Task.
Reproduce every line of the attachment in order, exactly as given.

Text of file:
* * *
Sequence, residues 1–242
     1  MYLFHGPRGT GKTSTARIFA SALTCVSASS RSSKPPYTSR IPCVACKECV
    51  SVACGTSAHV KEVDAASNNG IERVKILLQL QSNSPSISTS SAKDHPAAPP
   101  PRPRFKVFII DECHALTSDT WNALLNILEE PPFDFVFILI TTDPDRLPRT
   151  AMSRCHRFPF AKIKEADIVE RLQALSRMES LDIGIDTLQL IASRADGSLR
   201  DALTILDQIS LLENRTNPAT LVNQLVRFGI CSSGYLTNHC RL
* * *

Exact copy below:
Sequence, residues 1–242
     1  MYLFHGPRGT GKTSTARIFA SALTCVSASS RSSKPPYTSR IPCVACKECV
    51  SVACGTSAHV KEVDAASNNG IERVKILLQL QSNSPSISTS SAKDHPAAPP
   101  PRPRFKVFII DECHALTSDT WNALLNILEE PPFDFVFILI TTDPDRLPRT
   151  AMSRCHRFPF AKIKEADIVE RLQALSRMES LDIGIDTLQL IASRADGSLR
   201  DALTILDQIS LLENRTNPAT LVNQLVRFGI CSSGYLTNHC RL